Teshigawara / Karas - 'Bones in Pages'
by Thea Nerissa Barnes
October 22, 2004 -- Queen Elizabeth Hall, London
Bell chimes and other asunder of noise escalate in volume. There is a table with pieces of broken glass sticking out of its surface next to a wall of opened books. Close to the wall is Teshigawara sitting at the table. The light enhances the man sitting there and dozens of books line this stage right wall, are scattered on the floor in front of the table, and stood upstage centre. Plexiglas pieces encase either side of a table with a red book stood in the centre of the table. Each piece has a chair: stage right - just the seat, stage left - a dark carved wooden high back chair. Atop the stage right, Plexiglas piece is a crow, strapped to the top. The crow is anchored to the fixture so it cannot fly. Stage left is covered with shoes, and above the shoes is another chair mounted on the wall. This stillness save for the movements of the crow presents in one instance visual art but in actuality a world framed by a scrim. The proscenium fitting the Queen Elizabeth theatre makes the total stage space a living installation.
This beginning stillness presented a moment to heighten or confirm expectations, or perhaps open the mind’s eye to several meanings as it gazes at this clutter arranged so meticulously throughout the space. A man sitting amongst open books becomes, like the books, a type of object to be read, flicked through. Like words printed on a page his moves weave sentences of significance across the audience’s eyes, converting possible metaphors in written text into metonyms for movement text. For this work movement text creates semiotics of its own becoming the essences for multiple interpretations. What is portrayed, what is inferred, what is recognised, conjured and then revealed in this landscape of animate and inanimate objects is really about the gaze as much as it is about Teshigawara’s articulate performance to convey his intentions.
Traversing only a small bit of this landscape, Teshigawara’s every move became a word in a sentence that said something differently; that when coupled with facial and hand gestures offered altered significances. The movement is recognisable; an amalgamation of ballet and modern accompanying some fragmented and sequential body moves that reminded one of urban, body wave, body popping, break dance inclinations. Teshigawara’s vocabulary referenced contemporary techniques only as a means to travel and express imagined relationships and transformations. The distortion, fragmentation, and broken-ness of the glass on the table were referenced in Teshigawara’s first movement phrases. Teshigawara’s sitting and subsequent standing postures seemed a trance signalling the possibility that this whole event was a dream.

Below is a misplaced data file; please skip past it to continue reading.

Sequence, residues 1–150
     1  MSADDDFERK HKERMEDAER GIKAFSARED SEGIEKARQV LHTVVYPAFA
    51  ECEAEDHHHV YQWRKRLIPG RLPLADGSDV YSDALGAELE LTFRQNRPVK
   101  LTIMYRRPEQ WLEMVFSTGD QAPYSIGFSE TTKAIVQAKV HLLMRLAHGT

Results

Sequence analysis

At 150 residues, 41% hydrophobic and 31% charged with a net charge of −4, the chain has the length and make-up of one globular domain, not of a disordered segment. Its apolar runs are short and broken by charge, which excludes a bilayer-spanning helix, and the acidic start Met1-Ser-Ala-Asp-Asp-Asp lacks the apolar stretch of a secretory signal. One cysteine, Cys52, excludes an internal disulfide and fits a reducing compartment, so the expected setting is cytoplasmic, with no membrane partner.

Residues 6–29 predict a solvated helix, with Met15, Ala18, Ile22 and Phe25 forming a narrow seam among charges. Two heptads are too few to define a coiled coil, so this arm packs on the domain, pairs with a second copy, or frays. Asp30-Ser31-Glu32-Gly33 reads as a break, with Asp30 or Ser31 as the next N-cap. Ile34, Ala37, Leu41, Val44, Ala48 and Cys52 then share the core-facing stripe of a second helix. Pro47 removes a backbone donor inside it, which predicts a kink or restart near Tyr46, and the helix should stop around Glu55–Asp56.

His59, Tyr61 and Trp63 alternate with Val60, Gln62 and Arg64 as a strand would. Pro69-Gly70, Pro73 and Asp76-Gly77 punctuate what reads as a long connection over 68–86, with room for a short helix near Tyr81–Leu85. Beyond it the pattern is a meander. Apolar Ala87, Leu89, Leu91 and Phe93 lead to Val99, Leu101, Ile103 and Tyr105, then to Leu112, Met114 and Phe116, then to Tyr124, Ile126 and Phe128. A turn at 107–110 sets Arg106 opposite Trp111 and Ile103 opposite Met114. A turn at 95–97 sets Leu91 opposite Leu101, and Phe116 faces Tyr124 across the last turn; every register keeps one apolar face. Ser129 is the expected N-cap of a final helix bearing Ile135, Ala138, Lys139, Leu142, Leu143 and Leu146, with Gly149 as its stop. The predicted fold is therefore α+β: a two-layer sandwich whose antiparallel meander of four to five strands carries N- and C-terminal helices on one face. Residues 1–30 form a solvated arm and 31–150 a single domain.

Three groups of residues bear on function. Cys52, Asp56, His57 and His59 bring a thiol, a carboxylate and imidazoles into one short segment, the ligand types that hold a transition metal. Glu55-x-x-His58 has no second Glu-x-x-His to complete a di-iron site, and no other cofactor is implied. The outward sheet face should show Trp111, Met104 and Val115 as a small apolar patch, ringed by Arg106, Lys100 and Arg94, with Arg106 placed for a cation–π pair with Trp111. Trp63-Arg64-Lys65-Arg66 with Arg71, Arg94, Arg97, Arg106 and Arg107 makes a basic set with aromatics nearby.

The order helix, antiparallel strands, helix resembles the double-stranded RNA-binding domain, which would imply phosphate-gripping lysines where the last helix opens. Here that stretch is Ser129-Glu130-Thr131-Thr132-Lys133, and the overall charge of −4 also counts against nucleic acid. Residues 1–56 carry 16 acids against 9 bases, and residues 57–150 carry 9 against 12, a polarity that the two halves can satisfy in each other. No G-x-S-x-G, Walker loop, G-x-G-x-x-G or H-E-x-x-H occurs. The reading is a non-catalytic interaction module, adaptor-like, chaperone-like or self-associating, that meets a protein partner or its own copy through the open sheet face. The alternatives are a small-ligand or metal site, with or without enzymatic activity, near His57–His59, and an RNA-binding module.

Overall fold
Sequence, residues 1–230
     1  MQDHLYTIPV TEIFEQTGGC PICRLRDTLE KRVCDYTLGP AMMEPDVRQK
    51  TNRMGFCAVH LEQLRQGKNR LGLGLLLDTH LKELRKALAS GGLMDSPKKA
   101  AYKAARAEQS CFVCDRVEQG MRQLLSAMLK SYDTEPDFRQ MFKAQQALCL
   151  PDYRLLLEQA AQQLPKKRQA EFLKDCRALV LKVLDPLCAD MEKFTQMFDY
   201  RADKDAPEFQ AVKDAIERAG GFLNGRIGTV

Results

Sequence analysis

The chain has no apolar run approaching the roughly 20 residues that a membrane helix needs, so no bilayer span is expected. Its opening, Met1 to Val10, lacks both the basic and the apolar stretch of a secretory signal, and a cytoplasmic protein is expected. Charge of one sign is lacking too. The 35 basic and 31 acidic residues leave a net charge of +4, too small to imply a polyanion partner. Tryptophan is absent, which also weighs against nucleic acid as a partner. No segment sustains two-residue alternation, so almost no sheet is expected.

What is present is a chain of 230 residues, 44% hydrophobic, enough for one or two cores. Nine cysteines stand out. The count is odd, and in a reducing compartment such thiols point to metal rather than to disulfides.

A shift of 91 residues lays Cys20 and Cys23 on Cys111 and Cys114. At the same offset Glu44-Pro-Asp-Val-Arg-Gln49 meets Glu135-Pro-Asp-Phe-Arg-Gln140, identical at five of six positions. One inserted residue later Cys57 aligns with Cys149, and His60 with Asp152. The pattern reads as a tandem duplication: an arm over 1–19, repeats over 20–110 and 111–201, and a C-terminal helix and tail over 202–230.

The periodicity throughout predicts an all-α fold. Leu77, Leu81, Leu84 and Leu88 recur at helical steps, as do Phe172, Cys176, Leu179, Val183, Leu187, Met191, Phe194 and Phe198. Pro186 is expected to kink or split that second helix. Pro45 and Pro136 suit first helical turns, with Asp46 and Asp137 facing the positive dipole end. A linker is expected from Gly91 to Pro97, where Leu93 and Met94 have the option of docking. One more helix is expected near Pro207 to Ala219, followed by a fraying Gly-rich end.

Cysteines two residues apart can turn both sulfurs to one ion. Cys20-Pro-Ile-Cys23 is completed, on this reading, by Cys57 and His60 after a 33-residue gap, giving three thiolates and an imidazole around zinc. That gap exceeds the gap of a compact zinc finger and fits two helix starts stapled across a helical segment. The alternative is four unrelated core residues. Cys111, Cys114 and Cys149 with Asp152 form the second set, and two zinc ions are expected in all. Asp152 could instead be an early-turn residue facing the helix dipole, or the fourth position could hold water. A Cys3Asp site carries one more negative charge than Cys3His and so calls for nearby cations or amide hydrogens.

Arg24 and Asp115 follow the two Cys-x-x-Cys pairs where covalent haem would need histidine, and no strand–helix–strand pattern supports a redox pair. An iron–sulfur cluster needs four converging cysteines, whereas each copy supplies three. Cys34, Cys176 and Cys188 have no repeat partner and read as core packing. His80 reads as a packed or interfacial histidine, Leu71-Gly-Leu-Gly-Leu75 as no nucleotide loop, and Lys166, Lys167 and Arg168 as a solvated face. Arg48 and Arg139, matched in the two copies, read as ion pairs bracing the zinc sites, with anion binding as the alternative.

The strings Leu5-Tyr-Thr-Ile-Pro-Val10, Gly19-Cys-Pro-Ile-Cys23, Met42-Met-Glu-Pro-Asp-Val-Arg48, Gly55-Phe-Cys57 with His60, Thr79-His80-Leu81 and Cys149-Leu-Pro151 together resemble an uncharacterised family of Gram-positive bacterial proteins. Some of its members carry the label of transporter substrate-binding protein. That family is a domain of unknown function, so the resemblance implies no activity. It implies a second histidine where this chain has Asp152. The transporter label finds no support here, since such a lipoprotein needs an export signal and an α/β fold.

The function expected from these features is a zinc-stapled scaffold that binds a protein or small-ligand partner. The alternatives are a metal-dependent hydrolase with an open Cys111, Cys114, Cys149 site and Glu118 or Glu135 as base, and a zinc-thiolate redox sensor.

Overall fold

The distortion of body moves signalled a transformation that suspended reality, awakening some liminal environment. Walls became doors with changes in lighting states. A dropped book switched the mood of the movement and the music from a sound scape to classical music renditions breaking and shifting still poses to travelling sequences. A mimed phrase of caressing across the high back chair leads to a lone woman, Kei Miyata, standing upstage centre. Her simple arm and hand gestures progressed to violent body waves that with the long black costume mad her slither and ooze almost phantom like in and through a shaft of light.
Another figure wearing a mask, Rihoko Sato, appeared in the upstage left corner and progressed downstage with fragmented, jerky, movements that didn’t disturb the careful placement of the shoes. Sato’s movements would jump into the air and fall to the ground repeatedly with slight disturbance of the shoes. Sato’s movement would then degenerate into fits of anguish hurdling shoe after shoe at the scrim. Throughout the crow appeared to react to the sounds of the music or the audience hopping to face upstage, to stare out at the audience, not much else. Towards the end the crow pecked at its hobble, pruned its wings and, only briefly tried, careful fluttered in an effort to fly. In the end, the crow confined (or is it resigned?) to pecking at his hobble alluded to Teshigawara returning to the initial posture, contemplating, staring out beyond the broken glass, sitting in that chair amongst the books.
Throughout, Teshigawara’s movement expressions were more proficient and efficient than spectacular, pared down to only the essentials giving only a slight hint of his years of experience. In each section an essence was portrayed. The moments for the other dancers illustrations of Teshigawara’s mind state, a hint of inner tribulations, apparitions of a piece of self or something or someone despised or desired. The books, a metaphor for possibilities remained static at the end, some torn but still the dominant source of visual inspiration. There was repetition, the repeat of total body movements and delicate, searching hands with facial expressions that illustrated a decision, anguish, and affirmation. There was reconciliation, something missed and found, anguish -- even violence in this space, vast in its potential but so utterly enclosed in on itself, hobbled like the crow.
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